He has always refused to even consider the argument that much of the progress in civil rights revolved around changing attitudes that occurred somewhat before the Civil Rights Act was passed. Racism, and the measured economic effects of racism, was declining before the Act, which is unsurprising, since it needed to decline in order to get the Act passed (since white support was necessary.)

Racism and its economic consequences continued to decline after the Act, but it's difficult to spot a difference in the trend line due to the passage of the Act. (There's some interesting data in books by Thomas Sowell on this matter.)

Now, I think a very easy rebuttal to this line of argument is to claim that the progress before the Act was the easy part, but that the Act was needed to help push the diehards. In other words, the low hanging fruit had been picked, and the Act was needed to keep progress going. That's a very plausible argument.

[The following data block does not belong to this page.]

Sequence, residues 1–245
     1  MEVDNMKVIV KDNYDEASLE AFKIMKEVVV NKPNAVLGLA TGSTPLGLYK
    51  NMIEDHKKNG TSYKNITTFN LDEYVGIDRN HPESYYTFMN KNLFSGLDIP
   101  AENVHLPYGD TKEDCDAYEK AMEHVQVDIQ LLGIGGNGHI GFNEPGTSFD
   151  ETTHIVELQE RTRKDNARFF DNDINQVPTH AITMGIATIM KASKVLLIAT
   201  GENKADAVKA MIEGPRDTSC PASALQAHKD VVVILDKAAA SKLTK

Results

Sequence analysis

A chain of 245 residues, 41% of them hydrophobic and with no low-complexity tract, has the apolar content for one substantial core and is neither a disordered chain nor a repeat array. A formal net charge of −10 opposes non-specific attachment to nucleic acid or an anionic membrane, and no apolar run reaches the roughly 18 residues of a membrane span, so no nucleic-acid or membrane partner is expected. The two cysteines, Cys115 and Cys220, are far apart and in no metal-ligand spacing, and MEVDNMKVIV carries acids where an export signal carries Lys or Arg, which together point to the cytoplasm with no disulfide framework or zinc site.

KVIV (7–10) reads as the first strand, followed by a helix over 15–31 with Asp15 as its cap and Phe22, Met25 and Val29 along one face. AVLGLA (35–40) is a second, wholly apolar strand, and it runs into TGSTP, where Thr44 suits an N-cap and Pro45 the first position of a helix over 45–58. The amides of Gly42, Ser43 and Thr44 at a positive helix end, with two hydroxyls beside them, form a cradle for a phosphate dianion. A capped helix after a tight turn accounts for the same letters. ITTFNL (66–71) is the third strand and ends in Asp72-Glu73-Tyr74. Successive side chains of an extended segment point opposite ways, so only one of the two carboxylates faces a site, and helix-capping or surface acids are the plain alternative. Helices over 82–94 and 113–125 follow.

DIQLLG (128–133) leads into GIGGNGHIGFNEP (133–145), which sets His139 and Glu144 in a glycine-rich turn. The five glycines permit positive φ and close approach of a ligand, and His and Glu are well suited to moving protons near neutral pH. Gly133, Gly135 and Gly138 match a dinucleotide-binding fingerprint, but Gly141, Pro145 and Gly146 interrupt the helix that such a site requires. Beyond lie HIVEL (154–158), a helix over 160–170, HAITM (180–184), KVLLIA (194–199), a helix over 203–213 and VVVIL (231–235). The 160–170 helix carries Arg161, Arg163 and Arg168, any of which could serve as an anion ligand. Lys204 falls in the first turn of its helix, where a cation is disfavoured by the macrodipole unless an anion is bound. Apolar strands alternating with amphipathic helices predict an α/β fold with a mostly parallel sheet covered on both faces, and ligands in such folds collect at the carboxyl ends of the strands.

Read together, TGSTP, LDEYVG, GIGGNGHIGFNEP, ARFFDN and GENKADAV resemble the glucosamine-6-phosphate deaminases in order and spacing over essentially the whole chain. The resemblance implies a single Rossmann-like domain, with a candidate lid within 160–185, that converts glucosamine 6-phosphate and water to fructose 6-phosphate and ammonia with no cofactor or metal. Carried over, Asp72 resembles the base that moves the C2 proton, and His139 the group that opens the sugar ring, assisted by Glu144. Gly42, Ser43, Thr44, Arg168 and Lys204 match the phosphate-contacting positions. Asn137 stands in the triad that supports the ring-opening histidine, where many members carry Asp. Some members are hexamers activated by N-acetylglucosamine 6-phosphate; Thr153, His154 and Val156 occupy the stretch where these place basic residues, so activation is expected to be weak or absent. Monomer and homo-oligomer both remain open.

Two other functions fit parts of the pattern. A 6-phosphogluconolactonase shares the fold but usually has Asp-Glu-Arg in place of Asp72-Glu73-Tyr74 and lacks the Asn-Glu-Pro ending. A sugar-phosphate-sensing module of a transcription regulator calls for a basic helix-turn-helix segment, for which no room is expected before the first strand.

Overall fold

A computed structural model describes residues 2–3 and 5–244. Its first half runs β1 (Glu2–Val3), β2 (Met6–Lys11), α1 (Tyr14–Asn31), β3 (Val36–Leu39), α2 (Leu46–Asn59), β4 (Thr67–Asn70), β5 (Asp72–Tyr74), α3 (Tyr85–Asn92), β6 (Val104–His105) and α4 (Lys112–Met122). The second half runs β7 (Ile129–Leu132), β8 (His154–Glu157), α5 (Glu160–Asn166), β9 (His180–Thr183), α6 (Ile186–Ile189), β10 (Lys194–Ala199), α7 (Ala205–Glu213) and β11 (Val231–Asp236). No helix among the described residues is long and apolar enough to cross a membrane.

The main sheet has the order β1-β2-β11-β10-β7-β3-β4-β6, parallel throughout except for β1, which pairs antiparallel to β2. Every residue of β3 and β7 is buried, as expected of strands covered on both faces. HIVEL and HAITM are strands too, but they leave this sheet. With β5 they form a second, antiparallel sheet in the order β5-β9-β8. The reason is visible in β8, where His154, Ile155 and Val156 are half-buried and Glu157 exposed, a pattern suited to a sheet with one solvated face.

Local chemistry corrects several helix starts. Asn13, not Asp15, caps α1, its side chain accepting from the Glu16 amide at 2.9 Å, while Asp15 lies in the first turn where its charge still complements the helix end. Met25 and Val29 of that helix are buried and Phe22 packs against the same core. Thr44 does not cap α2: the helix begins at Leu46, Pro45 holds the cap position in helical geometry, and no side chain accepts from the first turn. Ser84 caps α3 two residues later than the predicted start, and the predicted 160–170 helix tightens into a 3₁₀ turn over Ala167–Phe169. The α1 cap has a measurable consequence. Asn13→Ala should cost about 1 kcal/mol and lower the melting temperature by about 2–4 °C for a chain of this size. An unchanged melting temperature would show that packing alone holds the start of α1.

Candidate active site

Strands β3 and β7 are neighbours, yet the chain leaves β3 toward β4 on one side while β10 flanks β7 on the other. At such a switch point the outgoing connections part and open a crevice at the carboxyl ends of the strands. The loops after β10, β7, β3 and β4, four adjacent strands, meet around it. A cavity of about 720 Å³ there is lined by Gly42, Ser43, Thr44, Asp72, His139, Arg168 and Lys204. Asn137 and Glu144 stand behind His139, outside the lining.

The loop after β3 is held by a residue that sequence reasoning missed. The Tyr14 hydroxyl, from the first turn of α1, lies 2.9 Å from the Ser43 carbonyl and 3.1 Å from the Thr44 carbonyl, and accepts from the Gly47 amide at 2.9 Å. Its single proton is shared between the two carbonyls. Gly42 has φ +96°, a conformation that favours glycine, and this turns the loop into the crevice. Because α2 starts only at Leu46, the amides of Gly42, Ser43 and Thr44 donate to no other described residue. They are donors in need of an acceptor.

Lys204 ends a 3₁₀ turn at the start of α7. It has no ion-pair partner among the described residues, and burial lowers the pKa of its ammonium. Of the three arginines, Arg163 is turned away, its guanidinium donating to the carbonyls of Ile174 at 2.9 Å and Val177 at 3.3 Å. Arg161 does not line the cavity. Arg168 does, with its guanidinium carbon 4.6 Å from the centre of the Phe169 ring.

Will W, OTOH, simply has a completely closed mind on the subject and regards even bringing up this line of questioning as morally suspect.

John Thacker said...

But I do agree that Ron Paul is a politician and likes to have things both ways. One way he does so is by intentionally making the perfect the enemy of the good. He votes against trade bills because they're not perfect, even when they on net reduce trade barriers-- and even when his vote against causes the party whips to get someone else to for aye, but at the cost of buying their vote with some worse provision.

For a NC connection, see Robin Hayes and CAFTA; we essentially got extra textile tariffs thanks to Ron Paul's refusal to support.

His position on immigration tends to be equally vague and change depending on the audience, allowing people to read in multiple views.

Peter G. Klein said...